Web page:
Hilary Mantel: why I became a historical novelist

Saint Augustine says, the dead are invisible, they are not absent. You needn’t believe in ghosts to see that’s true. We carry the genes and the culture of our ancestors, and what we think about them shapes what we think of ourselves, and how we make sense of our time and place. Are these good times, bad times, interesting times? We rely on history to tell us. History, and science too, help us put our small lives in context. But if we want to meet the dead looking alive, we turn to art.

There is a poem by WH Auden, called “As I Walked Out One Evening”:

The glacier knocks in the cupboard,
The desert sighs in the bed,
And the crack in the teacup opens
A lane to the land of the dead

The purpose of this lecture is to ask if this lane is a two-way street. In imagination, we chase the dead, shouting, “Come back!” We may suspect that the voices we hear are an echo of our own, and the movement we see is our own shadow. But we sense the dead have a vital force still – they have something to tell us, something we need to understand. Using fiction and drama, we try to gain that understanding. I don’t claim we can hear the past or see it. But I say we can listen and look. There are techniques we can use.

My concern as a writer is with memory, personal and collective: with the restless dead asserting their claims. My own family history is meagre. An audience member once said to me, “I come from a long line of nobodies.” I agreed: me too. I have no names beyond my maternal great-grandmother – but let me introduce her, as an example, because she reached through time from the end of the 19th century to form my sense of who I am, at this point in the 21st: even nobodies can do this.

She was the daughter of a Patrick, the wife of a Patrick, the mother of a Patrick; her name was Catherine O’Shea, and she spent her early life in Portlaw, a mill village near Waterford in the south of Ireland. Portlaw was an artificial place, purpose-built by a Quaker family called Malcolmson, whose business was shipping and corn, cotton and flax. The mill opened in 1826. At one time Portlaw was so busy that it imported labour from London.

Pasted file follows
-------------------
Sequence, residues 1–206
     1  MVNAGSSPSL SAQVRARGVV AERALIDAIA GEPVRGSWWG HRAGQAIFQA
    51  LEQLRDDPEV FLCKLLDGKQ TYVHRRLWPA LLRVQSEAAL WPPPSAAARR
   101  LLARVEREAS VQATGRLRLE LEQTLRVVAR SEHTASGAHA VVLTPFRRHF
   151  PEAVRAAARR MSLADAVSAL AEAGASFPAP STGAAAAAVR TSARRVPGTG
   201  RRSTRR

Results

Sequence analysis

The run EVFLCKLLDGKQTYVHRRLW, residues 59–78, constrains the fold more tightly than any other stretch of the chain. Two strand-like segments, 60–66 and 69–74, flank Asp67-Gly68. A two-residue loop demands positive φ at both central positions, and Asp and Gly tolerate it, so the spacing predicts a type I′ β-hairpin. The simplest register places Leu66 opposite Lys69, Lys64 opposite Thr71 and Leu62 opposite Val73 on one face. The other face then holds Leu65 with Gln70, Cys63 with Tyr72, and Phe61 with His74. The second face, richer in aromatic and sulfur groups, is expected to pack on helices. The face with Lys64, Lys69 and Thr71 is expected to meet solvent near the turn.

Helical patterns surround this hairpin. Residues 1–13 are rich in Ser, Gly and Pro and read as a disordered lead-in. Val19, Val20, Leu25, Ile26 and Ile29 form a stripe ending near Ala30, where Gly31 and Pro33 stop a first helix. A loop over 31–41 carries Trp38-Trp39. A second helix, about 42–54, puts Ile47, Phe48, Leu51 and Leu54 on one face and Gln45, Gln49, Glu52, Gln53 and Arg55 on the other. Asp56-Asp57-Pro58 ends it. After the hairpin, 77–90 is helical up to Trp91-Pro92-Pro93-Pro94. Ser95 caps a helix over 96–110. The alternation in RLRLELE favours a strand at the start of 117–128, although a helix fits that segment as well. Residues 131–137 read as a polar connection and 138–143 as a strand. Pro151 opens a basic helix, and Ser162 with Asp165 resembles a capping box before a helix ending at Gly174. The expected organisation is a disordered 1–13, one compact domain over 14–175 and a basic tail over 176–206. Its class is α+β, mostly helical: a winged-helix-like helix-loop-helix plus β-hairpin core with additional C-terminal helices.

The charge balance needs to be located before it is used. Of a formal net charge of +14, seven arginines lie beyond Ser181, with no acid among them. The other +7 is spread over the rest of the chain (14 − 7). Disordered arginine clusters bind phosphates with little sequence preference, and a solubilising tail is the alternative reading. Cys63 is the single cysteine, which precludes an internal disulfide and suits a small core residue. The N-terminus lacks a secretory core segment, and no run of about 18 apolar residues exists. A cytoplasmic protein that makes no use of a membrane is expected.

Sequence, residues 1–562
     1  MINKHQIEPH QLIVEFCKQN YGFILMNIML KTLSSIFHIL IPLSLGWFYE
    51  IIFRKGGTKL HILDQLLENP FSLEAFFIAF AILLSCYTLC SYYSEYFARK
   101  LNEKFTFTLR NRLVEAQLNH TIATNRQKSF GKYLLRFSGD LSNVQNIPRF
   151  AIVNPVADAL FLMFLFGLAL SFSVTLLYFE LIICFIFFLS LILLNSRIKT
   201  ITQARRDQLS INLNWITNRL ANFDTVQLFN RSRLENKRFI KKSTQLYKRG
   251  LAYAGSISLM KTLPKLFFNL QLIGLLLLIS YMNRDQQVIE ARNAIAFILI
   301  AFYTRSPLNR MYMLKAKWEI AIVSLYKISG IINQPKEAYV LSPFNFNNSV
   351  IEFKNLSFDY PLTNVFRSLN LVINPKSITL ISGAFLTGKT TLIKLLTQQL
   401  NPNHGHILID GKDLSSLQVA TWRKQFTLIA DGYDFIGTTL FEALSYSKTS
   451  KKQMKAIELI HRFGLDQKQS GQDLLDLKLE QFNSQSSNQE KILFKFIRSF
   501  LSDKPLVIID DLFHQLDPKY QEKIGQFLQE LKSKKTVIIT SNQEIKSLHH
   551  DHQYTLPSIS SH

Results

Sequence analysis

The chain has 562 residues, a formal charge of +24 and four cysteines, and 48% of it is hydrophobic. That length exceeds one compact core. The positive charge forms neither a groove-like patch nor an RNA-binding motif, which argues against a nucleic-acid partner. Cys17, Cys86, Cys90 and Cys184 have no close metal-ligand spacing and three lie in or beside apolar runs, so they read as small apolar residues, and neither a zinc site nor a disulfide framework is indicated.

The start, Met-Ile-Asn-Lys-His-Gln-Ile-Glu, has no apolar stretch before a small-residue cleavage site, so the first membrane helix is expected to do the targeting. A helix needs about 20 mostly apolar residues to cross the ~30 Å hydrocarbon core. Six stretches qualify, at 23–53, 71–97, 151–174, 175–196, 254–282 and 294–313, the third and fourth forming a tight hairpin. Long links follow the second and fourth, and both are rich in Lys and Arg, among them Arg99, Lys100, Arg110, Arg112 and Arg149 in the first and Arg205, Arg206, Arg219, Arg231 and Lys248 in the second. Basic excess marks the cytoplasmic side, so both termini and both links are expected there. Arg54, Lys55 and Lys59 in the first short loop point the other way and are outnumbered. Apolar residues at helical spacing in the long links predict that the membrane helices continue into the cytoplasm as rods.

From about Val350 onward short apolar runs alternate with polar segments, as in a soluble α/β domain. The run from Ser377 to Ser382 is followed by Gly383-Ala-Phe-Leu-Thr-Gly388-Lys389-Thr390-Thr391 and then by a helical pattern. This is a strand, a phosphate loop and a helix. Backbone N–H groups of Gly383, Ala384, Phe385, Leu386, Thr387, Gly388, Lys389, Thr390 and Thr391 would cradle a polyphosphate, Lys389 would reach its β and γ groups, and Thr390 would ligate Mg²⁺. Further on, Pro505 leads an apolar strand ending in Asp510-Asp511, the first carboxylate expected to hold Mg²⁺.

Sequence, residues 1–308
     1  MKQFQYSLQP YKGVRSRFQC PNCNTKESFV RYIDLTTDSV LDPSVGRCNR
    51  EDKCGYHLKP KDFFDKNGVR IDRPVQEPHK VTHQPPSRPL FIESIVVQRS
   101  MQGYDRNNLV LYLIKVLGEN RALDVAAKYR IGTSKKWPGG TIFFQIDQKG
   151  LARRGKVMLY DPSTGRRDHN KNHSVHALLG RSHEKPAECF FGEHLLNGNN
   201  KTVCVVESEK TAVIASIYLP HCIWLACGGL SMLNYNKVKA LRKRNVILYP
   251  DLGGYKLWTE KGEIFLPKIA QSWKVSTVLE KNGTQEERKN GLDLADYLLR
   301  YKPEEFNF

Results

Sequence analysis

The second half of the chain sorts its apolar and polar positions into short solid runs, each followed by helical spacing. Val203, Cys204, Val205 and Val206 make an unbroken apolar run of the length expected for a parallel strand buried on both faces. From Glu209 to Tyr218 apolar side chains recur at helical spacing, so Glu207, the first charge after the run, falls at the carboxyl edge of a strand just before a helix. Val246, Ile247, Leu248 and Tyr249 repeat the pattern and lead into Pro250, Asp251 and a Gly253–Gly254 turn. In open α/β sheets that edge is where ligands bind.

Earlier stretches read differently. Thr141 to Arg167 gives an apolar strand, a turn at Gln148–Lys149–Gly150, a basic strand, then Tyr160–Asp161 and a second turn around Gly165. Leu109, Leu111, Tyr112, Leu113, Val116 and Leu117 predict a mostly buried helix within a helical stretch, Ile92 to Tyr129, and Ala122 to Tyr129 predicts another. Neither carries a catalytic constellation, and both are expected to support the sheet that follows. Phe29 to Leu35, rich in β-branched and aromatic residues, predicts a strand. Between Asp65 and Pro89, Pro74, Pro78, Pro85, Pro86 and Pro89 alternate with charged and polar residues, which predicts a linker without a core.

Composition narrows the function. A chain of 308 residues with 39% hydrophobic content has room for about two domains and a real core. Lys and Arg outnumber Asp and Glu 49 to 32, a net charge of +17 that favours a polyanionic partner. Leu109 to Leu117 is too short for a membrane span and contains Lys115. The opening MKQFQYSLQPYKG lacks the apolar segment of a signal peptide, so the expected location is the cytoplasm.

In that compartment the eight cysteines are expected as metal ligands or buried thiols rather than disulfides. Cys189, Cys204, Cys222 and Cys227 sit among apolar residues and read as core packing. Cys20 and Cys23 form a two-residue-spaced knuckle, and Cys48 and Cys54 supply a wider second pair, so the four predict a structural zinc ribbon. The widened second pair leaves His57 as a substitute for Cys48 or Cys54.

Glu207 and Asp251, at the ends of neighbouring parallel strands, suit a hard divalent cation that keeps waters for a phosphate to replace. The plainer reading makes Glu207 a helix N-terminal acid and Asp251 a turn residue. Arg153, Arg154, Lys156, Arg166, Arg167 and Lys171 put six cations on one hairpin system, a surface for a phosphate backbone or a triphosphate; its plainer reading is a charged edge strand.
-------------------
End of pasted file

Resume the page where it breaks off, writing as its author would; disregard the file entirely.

The Malcolmsons were moral capitalists and keen on social control. The village was laid out on a plan ideal for surveillance, built so that one policeman stationed in the square could look down all five streets. The Malcolmsons founded a Thrift Society and a Temperance Society and paid their workers partly in cardboard tokens, exchangeable in the company shop. When a regional newspaper suggested this was a form of slavery, the Malcolmsons sued them, and won.

As the 19th century ended, textiles declined and the Malcolmsons lost their money. The mill closed in 1904 – by which time my family, like many others, had begun a shuffling stage-by-stage emigration.

Two of Catherine’s brothers went to America, and in time-honoured fashion were never heard from again. Catherine was a young married woman when she came to England – to another mill village, Hadfield, on the edge of the Peak District. Like Portlaw, it was green and wet and shadowed by hills. As far as I know, she never left it. She must have wondered, does the whole world look like this?

Her first home was in a street called Waterside – for many years the scene of ritual gang fights on Friday nights between the locals and the incomers. I know hardly anything about Catherine’s life. I suppose that when a woman has 10 children, she ceases to have a biography. One photograph of her survives. She is standing on the doorstep of a stone-built terraced house. Her skirt covers her waist to ankle, her torn shawl covers the rest. I can’t read her face, or relate it to mine.

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